"We were sent up to Toronto to take training as dental assistants. And because dentists were army, we were housed with army girls."
My name is Janet Hester Watt. And I was born in a little place called Onoway, Alberta, which is about 30 miles west of Edmonton. And grew up in Edmonton. We moved from a farm when I was about a year and a half old, so I grew up in Edmonton, and went to school there, and my first job was in Edmonton. And then we went to Vancouver in 1943. When I joined the Navy, I joined when I was in Vancouver.
My little story is that I ran away to sea. This is just my little joke. The company that I worked for always gave us a half day at Christmas time to go Christmas shopping. And the shipper and I had had a little difference of opinion that morning and I was correct and he wouldn’t admit it and so I was so angry; instead of going Christmas shopping, I went down and I joined up. But anyway, both my brothers and my one sister were already in the [Royal Canadian] Navy and so I wanted to go, but somehow or other, I never could seem to get myself going until finally that day, and I joined. So that made it then, we were the, the group that I was with, we were the last draft of Wrens [slang term derived from WRNS, the British Women's Royal Naval Service] to be trained at Galt [Ontario - HMCS Conestoga]. And that was in February of 1945.
Out of the group, I don’t know who all, like how many were in that last class, but of 75 of us, and we were sent up to Toronto to take training as dental assistants. And because dentists were army, we were housed with army girls at Harbord and St. George [Streets] and every day we were paraded to the dental clinic to take our instruction on being dental assistants. We were there, I think it was a month, and then when we were finished, we were sent around various places across Canada. And 18 of us went to Cornwall [Ontario], that’s the group that I was with.
It was difficult being ordered about. Like when you’re on basic training, you’re told, you’re not ever, they don’t ask you to do anything, you’re told. And I found that a little hard to adjust to for the first week. And after a while, you get used to it. And it, you’re so interested in what’s going on and getting back around to your classes back and forth that you just begin to adjust. And when we were at Galt, I was in a dormitory and I can’t remember how many were in that group, but we had double deck bunks. And first day we arrived, we had to shovel snow. And then we went for shots, both arms. And next day, our arms were so stiff, both from the shoveling the snow and sore from the shots. Now that was quite an experience, but we survived.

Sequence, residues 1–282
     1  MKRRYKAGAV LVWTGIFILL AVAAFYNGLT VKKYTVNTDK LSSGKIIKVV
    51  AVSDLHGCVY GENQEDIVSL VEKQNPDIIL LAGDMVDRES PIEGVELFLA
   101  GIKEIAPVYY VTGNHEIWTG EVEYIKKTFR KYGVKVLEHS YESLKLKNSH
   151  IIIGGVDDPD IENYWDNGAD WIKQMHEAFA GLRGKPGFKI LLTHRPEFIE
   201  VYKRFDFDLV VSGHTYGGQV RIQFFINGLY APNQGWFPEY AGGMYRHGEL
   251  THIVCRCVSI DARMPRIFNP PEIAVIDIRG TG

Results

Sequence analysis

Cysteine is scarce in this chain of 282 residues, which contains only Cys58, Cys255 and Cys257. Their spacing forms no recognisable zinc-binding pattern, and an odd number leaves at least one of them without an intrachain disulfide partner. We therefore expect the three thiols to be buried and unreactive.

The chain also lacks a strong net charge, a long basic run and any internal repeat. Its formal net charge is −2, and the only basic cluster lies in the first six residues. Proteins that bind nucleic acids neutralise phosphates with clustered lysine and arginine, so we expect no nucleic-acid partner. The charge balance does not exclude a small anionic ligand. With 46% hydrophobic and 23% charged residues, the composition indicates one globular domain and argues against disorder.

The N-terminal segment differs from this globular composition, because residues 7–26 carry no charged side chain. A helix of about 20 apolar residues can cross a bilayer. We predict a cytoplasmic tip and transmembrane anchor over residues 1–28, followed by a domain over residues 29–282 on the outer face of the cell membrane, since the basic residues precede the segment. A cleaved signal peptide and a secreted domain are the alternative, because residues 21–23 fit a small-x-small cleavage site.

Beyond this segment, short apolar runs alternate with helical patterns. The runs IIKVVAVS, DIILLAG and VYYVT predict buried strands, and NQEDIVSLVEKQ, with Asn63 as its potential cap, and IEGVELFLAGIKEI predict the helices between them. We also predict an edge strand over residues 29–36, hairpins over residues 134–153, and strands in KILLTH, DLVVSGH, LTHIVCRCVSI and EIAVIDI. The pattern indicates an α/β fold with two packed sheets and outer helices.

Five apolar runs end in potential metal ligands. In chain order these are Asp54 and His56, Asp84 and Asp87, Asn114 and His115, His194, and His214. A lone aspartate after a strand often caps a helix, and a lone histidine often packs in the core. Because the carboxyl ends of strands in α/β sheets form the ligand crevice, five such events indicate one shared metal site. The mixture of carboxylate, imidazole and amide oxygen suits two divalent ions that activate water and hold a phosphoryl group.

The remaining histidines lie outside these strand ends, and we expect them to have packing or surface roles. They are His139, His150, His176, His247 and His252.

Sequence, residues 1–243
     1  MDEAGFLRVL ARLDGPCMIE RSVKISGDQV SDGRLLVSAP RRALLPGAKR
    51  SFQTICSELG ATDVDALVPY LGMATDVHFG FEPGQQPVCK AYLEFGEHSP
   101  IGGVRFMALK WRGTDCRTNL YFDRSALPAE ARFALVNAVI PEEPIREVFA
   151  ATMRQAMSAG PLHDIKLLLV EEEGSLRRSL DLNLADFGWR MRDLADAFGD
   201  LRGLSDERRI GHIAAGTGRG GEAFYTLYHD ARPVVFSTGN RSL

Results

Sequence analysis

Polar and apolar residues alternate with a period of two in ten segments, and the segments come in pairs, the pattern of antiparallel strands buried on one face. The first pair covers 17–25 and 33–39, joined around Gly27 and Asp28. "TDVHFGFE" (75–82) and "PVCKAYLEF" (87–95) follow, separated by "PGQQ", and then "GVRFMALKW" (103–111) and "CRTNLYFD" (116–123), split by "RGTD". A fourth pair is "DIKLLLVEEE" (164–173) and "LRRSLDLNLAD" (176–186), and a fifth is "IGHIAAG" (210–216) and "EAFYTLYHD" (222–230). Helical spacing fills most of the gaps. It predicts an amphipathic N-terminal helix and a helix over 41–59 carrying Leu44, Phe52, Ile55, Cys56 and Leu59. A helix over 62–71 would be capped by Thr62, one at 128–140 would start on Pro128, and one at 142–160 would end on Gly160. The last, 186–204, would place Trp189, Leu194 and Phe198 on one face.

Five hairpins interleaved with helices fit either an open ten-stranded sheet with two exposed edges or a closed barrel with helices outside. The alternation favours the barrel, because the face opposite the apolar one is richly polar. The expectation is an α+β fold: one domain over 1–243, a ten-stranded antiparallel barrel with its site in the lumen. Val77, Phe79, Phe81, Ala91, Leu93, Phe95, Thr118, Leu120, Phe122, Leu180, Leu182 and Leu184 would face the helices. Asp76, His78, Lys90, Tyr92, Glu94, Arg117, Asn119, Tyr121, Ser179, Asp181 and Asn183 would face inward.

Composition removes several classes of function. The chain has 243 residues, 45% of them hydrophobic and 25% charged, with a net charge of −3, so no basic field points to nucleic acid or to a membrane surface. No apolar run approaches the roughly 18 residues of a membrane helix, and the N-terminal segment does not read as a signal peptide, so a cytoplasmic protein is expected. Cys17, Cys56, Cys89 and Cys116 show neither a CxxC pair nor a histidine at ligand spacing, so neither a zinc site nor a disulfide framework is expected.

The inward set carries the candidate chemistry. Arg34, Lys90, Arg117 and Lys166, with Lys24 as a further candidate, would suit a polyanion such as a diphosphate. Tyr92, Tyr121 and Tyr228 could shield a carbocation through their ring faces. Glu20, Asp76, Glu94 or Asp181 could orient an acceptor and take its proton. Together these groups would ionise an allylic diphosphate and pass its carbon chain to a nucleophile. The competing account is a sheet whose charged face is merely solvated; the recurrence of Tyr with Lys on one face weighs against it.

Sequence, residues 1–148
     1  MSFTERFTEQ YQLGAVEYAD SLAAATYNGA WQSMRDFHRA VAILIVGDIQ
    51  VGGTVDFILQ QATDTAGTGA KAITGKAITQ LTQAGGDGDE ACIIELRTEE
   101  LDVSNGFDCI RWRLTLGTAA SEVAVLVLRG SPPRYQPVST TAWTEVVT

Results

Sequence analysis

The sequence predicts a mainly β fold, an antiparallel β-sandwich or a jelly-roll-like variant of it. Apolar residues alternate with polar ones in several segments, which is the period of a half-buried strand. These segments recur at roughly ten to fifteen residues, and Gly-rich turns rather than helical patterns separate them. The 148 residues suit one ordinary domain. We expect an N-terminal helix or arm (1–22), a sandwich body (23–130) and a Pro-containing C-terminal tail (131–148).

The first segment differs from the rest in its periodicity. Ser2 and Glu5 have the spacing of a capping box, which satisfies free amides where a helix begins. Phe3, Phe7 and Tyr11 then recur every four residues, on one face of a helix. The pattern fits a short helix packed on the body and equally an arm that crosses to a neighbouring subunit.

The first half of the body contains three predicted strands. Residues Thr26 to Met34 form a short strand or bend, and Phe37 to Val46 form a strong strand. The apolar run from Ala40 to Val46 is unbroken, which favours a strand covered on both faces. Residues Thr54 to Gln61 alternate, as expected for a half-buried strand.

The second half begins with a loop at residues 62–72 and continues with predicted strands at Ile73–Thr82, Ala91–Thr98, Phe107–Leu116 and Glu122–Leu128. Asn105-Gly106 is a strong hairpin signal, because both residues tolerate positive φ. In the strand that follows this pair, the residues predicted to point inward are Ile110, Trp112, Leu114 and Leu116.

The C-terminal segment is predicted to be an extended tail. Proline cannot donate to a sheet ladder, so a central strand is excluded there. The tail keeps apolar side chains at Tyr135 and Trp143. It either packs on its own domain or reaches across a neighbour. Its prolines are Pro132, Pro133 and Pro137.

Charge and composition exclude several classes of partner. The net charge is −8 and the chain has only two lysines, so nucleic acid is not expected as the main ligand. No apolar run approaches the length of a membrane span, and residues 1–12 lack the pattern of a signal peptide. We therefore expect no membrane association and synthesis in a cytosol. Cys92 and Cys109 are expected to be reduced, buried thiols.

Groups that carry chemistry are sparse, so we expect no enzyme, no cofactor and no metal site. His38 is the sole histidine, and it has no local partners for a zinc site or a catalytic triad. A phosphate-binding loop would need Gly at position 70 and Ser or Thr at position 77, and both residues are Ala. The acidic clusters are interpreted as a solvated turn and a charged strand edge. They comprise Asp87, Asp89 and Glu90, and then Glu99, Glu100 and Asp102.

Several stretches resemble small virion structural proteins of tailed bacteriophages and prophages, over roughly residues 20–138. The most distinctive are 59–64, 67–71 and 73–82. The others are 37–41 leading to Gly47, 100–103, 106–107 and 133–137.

It was interesting in the fact that when we were taking training as dental assistants, we, we made history. Because this was sort of the first part of integration, the army and the navy working together like this. And we had a write-up in the Toronto Telegram, I have a copy of the paper. And telling about our, we were, each day we were paraded from, it was Trinity Barracks and was at Harbord and St. George. And we were paraded to the dental clinic. We had a little army sergeant, her name was Eileen Clulo. She was about 5’10’’ and she always recalled the first day that she had us there as group, and nobody warned her that the navy did everything on the double. And so she called for our marker and this girl dashed out as the marker and then called for the rest of us. Well, then we all fell in. She said she almost turned and ran because this thundering group coming across the parade square. But anyway, she stood her ground and got used to us and she was a very nice little person.
And when we left in I think it was April of 1945 to go to our various assignments, we didn’t see her again until, let me see, I can’t remember the day, but it was a few years ago, I’m going to say in the 1990s. A group of us Wrens had gone up to St. Hilda’s seniors’ residence place, retirement place, to have a tour. So our tour guide said that there was an army woman in there and here, stepped off the elevator was this little woman and I thought, goodness, could it possibly be. She had a book in her hand and she says, “You know, I was once in charge of 75 Wrens.” So I said, “Are you Sergeant Clulo?” And it was. So to have not seen her since 1945, that was quite a reunion we had, so kept in touch with her and then she passed away just a few years ago.
A dental officer came in from Lunenburg, Nova Scotia, and I was assigned to him. He arrived about noon and the dentist, everything was geared for field work. So they had these two great huge, sort of a trunk, two trunks, that were, contained all the dental equipment. Part of it had like the chair that you had to assemble and the drill that was operated by a foot, like a treadle sewing machine. And then the other had the instruments, the sterilizing and that sort of thing. So we had to assemble that. And when I put the chair together, there was one piece missing so the officer in the next cubicle was away on leave, so we just borrowed his chair. And our first patient, the chair collapsed. And I’m always thankful it was not the chair that I put together. So it was quite an experience for this young man. I don’t think he’d ever been to a dentist before, he was terrified of everything. And so we never saw him again. A tooth had to be extracted and he was given a chit to come back, a few days to have the suture removed. We never saw him again. So I can certainly understand that.